Today marks the birthday of one the humblest and most Christ-like men I have known. While it would be strange to use the word “great” to describe someone who sought no attention for himself, Bob Rolston was a great man, a great man of faith in God, a great servant of Christ and His Kingdom, a great friend, who also happened to be my father-in-law, and a great father figure in my life. He left a rich legacy and heritage to his children, which includes me, and my daughters. We are truly blessed to have known Bob.
Bob did not have an easy life, far from it really. He was left fatherless in his early years. His dad was killed by a drunk driver. It was a hit and run accident, and this was in the 1930’s, so you can well imagine how difficult life was for a single mother with five kids, to make ends meet and raise the kids as best she knew how. Bob’s mother remarried eventually, and became known as Grandma Wallace. She died before I ever had the opportunity to meet her. But I soon discovered her reputation was legend, and I often reminisce by recalling the stories that Lori, and her Dad, Bob, would tell over and over again, regaling all the while, and crying tears of laughter at some of the most hysterical stories. That is how I remember Bob.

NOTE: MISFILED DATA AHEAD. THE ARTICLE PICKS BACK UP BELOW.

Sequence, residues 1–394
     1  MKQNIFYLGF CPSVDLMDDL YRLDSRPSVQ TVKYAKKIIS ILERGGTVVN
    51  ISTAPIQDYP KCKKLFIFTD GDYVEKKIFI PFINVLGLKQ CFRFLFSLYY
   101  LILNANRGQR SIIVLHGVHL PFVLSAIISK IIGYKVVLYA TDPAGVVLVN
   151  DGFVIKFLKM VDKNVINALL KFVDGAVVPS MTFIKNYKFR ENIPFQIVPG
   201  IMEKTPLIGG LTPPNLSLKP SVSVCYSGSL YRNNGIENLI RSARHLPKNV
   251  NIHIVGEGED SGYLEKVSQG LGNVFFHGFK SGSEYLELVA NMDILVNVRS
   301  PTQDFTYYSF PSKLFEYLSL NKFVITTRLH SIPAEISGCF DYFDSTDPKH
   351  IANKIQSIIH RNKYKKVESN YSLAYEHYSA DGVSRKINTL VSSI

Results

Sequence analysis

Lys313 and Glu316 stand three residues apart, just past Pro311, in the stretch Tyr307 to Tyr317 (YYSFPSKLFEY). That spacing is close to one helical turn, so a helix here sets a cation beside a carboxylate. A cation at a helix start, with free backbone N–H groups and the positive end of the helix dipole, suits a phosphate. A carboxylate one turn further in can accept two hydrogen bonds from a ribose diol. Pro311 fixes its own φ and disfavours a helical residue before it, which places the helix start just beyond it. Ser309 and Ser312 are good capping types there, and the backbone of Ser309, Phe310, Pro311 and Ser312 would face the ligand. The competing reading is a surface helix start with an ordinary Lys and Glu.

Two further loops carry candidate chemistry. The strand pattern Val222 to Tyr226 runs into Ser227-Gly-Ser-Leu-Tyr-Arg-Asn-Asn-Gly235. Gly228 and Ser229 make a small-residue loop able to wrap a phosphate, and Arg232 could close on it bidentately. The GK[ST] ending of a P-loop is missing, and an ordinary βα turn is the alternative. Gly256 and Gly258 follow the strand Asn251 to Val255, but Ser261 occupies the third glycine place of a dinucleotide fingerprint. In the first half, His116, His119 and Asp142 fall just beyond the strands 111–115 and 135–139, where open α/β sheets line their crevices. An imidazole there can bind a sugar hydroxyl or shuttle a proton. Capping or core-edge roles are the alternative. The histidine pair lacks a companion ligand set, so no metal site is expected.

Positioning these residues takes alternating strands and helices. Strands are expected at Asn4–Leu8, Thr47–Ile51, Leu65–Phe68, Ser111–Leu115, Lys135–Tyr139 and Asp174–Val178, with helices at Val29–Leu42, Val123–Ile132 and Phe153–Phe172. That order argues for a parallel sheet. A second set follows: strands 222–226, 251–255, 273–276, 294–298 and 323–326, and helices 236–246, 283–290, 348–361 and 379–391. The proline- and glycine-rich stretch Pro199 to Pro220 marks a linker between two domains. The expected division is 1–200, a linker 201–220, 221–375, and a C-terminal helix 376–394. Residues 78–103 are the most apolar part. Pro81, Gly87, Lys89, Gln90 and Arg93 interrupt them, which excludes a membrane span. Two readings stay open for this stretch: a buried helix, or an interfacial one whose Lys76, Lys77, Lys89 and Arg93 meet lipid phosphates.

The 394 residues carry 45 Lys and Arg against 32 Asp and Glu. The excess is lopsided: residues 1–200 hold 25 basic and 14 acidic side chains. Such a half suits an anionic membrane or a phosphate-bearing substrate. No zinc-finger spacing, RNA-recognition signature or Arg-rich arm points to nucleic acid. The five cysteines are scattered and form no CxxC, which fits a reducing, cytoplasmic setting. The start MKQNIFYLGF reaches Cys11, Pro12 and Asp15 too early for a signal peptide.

I remember his story telling. In many ways he was more than equal to the task of my own father’s story telling. Both Bob and my own Dad, as pastors, developed the art of story telling that always enhanced their sermons. That was one of the funniest parts of their own relationship. They both loved to tell stories, and both got along so well. Now that they are gone, I must say I do miss both of them a lot these days. As I get older, I come to realize just how important a Dad is to a man (and his daughters). Funny how the years just make you appreciate what you took for granted, or what you simply could not appreciate at the time. Time and age gives one a perspective on life that eludes us when we are young.